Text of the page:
Week 1 (History of Technology)
What do "determinism" and "contingency" mean to Heilbroner, Scranton and Staudenmaier?
Why do they all think these words have particularly important significance for studying the history of technology?
About what exactly do they disagree? What kinds of evidence or reasoning do they cite in making their case?
Think of one example of a technological history you'd like to use to work through this debate.
Week 2 (Society, Technology, Empire)
Winner is one of many intellectuals to ask whether or how human beings are in control of specific technologies or technologies in general. Consider your own intuitions and thoughts on this overall question and be prepared to talk about your views.
How do Headrick and Adas describe the particular importance of technology to modern European empires, to American power in the 20th Century, and to globalization? Which technologies? Why?
Week 3 (Modernization Theory and Cold War)
Be prepared for us to lay out a basic bare-bones narrative history of the Cold War together.
What's "modernization theory"?
How did modernization theory play a role in the Cold War, particularly for American policy-makers and academics?
What's the connection between modernization theory and the history of technology?
Week 4 (Cold War in Africa)
Be as prepared as possible from reading Reynolds for the class to work out an overall history of African politics and social affairs during the Cold War.
How did the main Cold War powers seem to view Africa and Africans?
How did Africans seem to view the Cold War?
If we treat the Congo civil war of the 1960s as a representative or defining example of Cold War experiences in Africa, what patterns or issues seem most important or notable?
Week 5 (The AK-47 I)
Try to apply the readings from the first two weeks to the AK's history, using it to think about concepts like "determinism" and "contingency" or "control" vs. "accident".
Looking at the technical materials, what difference does it make to think about the specific details of the AK-47 as machine? How do the material details of its functioning, use, maintenance, manufacture, weight, and so on have significance beyond the basic operation of the AK-47 itself?
Week 6 (The AK-47 II)
How did the AK-47 enter into modern African societies?
What would an "AK-47-centric" account of the histories of warfare in Ethiopia or Liberia look like?
What don't we know from the kinds of materials for this week that we might want to know? How could we come to know it?
Week 7 (Hydroelectric Power)
What do the authors mean by "modernization as spectacle" and why are dams in post-WWII Africa seemingly such a good example of that?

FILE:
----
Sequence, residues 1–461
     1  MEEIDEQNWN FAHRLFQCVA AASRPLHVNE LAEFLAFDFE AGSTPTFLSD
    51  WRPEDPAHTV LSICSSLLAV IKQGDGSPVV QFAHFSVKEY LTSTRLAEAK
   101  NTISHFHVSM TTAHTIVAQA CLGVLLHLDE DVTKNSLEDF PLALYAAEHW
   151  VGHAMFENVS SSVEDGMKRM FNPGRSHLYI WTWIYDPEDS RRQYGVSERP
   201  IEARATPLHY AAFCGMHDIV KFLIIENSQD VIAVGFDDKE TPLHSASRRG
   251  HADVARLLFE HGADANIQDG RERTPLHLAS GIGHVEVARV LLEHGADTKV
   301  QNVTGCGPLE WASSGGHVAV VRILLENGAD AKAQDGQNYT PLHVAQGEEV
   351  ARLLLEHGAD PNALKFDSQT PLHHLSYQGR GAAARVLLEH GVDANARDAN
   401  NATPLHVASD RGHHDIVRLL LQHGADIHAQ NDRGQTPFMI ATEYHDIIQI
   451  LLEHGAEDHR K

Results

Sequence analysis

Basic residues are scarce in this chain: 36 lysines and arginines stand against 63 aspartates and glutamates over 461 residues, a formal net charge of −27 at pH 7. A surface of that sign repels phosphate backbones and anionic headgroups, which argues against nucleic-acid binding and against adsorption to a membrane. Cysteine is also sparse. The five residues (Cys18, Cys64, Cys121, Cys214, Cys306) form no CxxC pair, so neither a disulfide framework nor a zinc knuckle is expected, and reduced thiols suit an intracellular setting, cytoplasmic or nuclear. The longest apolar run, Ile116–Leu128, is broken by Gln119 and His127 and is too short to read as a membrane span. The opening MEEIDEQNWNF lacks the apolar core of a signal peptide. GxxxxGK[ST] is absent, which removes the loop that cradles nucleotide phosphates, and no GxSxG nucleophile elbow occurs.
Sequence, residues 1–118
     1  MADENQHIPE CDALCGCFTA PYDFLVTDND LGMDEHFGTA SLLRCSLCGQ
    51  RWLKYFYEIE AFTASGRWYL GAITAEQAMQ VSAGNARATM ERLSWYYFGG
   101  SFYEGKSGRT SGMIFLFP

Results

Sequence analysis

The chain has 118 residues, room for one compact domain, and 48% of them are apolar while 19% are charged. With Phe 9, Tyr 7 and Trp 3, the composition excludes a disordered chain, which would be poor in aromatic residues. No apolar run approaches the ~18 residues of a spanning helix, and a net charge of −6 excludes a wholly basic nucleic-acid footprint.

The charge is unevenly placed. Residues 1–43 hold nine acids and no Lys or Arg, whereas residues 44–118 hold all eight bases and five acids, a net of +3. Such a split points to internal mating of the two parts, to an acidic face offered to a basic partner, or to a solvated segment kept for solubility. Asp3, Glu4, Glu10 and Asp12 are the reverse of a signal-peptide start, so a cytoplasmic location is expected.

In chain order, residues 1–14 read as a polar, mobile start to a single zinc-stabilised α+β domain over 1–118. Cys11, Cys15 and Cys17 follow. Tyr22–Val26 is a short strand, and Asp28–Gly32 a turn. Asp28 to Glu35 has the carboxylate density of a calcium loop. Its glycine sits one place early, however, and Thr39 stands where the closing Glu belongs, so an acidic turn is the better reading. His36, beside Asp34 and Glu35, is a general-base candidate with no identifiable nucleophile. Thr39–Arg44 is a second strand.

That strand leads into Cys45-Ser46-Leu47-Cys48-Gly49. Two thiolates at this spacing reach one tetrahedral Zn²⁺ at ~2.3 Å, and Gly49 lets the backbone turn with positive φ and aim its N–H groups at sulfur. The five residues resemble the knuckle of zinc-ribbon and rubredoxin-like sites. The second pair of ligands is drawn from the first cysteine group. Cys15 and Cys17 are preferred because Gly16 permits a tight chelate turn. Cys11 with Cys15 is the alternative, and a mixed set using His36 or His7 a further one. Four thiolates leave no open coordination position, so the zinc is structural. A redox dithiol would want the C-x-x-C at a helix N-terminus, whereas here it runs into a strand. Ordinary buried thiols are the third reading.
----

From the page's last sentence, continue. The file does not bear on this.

What are the material specifics of dams and hydroelectric power? What does it take to build, maintain and use them? What are the social and political consequences of those material specifics?
Week 8 (Nuclear Power and Uranium Mining)
What are the material specifics of uranium mining, and how did the historical context of Cold War West and Southern Africa affect their development?
How did the imagined importance of atomic energy and atomic weaponry affect the day-to-day life of uranium miners and mine managers in Niger?
Week 9 (Structural Adjustment and Debt)
Most of the readings for this week don't really treat structural adjustment and debt as a technology per se. What happens if we choose to read with that interpretation in mind? If debt and structural adjustments are treated as technologies, what do we need to know about them? What kind of "materialities" are involved?
How does the Cold War context affect this particular history?
Week 10 (Landmines)
Some of the same questions about the AK-47: apply the first two weeks of reading. What is "intended" and "unintentional" about the history of landmines in Angola? What is the full material history of landmine warfare? How do we get from the technical guidance of the US military handbook on landmines to the use of landmines in Angola and elsewhere in Africa?
Week 11 (Signals Intelligence and Biometric Identification)
Was Kagnew Station "inevitable"? What kinds of political arrangements about Kagnew were determined and what strike you as contingent? What are the possible histories of Kagnew?
Why did biometric identification take hold in South Africa? How much is this a Cold War-involved story vs. a story about apartheid? What are the implications of biometric approaches to identifying citizens?